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Posted December 04, 2013 in Ames

You’ve seen them at the big game, in the stands or on the sidelines. But at home, Vickie Rhoads, Carol Hoiberg, Deb Fennelly and Ellen Pollard are the ones who call the shots. Recently, Ames Living magazine had the privilege of sitting down with all four of them at the Jacobson Building in Ames adjacent to Jack Trice Stadium. Over coffee, the women dished about their love for the Ames community, what it’s like raising a family with their notable husbands and how much they appreciate each other.

All roads lead to home
Each of the women has her own unique story on how she ended up in Ames. For Vickie Rhoads, wife of Iowa State head football coach Paul Rhoads, the path began on the day when, at nine months pregnant and on the way to the hospital, she was asked a simple question: “Can we?”

Holding handsFor most women, the onset of contractions leads to being rushed to the hospital as quickly as possible. But when Vickie went into labor, after she and Paul hopped in the car, the rest of the story didn’t go exactly as one would expect.

At the time, Paul Rhoads was a young up-and-coming assistant at University of the Pacific. There was an assistant coaching position open at Iowa State University, but in order to get the job, Paul needed to get some information from the Pacific’s football offices. Problem was, he couldn’t wait.

So when Paul asked his laboring wife if they could first “stop by the football offices before going to the maternity ward,” Vickie didn’t object. Three months later, the happy couple (plus one), was living in Ames.

Carol Hoiberg

Carol Hoiberg

Back on the court
Carol Hoiberg also played an integral role in her family’s path to Ames. Unbeknownst to most, Carol is a major reason her husband, Fred Hoiberg, a.k.a “The Mayor,” is the head basketball coach at Iowa State, or better yet, coaching at all.

AMDec6Carol and Fred both grew up in Ames where they met in high school and attended Iowa State University together. After Fred’s NBA playing days were over, he took a front office job with the Minnesota Timberwolves. But Carol says she couldn’t stand to watch her husband’s frustration whenever he’d watch basketball games from anywhere but courtside. She says he was visibly frustrated by not being more closely involved with the action.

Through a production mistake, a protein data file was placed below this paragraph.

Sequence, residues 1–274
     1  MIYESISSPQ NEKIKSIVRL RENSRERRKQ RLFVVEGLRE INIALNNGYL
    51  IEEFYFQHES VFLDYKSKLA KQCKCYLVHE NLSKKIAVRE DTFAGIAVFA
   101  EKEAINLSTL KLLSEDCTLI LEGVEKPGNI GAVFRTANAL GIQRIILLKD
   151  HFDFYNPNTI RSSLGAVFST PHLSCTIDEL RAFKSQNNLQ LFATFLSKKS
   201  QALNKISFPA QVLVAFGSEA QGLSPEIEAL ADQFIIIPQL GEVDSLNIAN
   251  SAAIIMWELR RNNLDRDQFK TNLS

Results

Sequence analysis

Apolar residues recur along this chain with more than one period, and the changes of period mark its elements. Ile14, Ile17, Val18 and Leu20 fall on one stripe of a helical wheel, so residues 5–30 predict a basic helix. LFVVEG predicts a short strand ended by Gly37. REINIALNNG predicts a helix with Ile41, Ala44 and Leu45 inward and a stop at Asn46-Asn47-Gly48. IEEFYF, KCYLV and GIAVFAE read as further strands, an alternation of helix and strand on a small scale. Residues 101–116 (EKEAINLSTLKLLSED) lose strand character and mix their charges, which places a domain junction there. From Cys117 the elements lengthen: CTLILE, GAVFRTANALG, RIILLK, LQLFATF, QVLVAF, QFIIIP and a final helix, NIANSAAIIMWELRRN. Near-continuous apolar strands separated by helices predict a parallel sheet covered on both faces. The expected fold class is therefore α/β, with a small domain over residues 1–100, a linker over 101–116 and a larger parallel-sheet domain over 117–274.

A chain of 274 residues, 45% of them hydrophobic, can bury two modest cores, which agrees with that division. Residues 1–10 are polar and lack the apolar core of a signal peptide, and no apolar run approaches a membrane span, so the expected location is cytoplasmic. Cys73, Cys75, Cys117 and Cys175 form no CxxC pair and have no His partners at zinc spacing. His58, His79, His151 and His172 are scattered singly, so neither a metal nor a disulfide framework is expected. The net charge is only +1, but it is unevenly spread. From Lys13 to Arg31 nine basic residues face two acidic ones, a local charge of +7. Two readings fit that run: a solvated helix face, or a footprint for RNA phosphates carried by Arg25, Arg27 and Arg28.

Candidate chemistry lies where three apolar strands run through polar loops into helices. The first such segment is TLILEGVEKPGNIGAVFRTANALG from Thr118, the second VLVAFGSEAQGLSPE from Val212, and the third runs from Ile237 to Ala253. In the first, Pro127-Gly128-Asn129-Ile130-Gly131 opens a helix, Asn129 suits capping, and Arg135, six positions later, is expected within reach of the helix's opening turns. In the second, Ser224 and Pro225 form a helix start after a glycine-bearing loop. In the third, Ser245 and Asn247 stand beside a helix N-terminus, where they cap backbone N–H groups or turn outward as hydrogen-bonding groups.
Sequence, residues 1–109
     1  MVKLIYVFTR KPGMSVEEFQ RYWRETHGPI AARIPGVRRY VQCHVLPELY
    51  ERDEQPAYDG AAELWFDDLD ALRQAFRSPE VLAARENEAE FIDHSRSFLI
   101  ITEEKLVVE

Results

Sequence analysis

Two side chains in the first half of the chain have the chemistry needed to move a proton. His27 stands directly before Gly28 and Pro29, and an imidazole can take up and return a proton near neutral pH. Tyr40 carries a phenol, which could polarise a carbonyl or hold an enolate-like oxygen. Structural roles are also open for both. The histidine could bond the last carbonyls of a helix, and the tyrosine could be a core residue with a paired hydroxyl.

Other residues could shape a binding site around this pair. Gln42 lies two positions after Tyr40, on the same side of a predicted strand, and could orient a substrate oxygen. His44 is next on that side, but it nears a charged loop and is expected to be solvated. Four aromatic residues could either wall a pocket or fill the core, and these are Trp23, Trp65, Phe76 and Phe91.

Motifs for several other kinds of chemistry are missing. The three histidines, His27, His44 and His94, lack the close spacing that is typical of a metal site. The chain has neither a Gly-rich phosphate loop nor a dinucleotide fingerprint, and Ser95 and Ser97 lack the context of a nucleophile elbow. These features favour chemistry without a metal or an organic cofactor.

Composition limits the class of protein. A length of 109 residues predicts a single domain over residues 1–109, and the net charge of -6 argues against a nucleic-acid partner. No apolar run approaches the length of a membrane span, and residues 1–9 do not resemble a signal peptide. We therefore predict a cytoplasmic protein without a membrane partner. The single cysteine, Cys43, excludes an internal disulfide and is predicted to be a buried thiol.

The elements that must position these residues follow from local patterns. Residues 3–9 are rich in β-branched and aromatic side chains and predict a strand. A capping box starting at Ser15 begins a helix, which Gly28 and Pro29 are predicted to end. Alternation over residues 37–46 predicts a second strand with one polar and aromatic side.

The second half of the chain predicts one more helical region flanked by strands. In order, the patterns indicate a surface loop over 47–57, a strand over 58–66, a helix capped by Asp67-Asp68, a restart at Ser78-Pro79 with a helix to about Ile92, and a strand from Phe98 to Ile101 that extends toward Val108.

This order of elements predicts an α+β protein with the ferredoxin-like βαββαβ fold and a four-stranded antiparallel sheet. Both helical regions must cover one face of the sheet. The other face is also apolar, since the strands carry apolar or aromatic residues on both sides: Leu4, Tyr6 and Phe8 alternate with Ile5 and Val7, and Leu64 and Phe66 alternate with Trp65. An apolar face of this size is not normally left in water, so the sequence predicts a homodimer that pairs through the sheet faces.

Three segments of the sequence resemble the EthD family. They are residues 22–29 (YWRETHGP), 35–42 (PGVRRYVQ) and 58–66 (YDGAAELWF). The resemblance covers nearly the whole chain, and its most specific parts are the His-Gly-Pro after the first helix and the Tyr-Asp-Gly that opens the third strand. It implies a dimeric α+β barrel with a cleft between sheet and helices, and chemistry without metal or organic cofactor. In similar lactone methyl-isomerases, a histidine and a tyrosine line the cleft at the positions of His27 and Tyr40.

“You’ve got to coach,” she encouraged him.  “You have to get on a bench somewhere.”

When the Iowa State job opened up, Fred finally took her advice.

“And here we are,” Hoiberg says.

Deb Fennelly

Deb Fennelly

Never moving
This is Deb Fennelly’s 19th year in Ames. She and her husband, Iowa State women’s basketball coach Bill Fennelly, love Ames.  In fact, Deb Fennelly says, “We would never consider moving.”

Fennelly says Ames is a great place to raise kids, and it was even more perfect for her and Bill because Ames is in between her hometown (Ruthven,) and Bill’s (Davenport).

AMDec82“There is no place I’d rather call ‘home,’ ” she says, adding that should they have to move, she’d be a “basket case.”

And that’s a good thing for Ames, not just because Bill Fennelly is the winningest coach in the program’s history, but because Deb does an enormous amount of volunteer work within the community as well. She delivers meals for Heartland Seniors, and lends her time to the American Heart Association and Mary Greeley Medical Center.

“It’s good to give back,” she says.

Ellen Pollard

Ellen Pollard

Planning ahead
Rarely does a family that is involved in major college athletics get to choose which city they live in. Usually, they’re at the mercy of which jobs open and when. However, each of these four women, along with their husbands, targeted Ames as a destination of choice. This was especially true for the Pollard family.

Ellen Pollard, wife of Iowa State Athletic Director Jamie Pollard, recalls a time when, as a young couple, they penciled in Ames as one of their select few choice destinations to land if Jamie’s career progressed the way they wanted.

AMDec8Out of all the cities in the United States, Ellen and Jamie put a checkmark next to Ames from the very beginning. For Ellen, having grown up in Louisiana and Texas, a voluntary move north would seem to be an odd choice. But when asked how a southern girl likes the Ames winters, her smile lights up the room and laughs ensue with her “I’ve learned to drive in it” answer.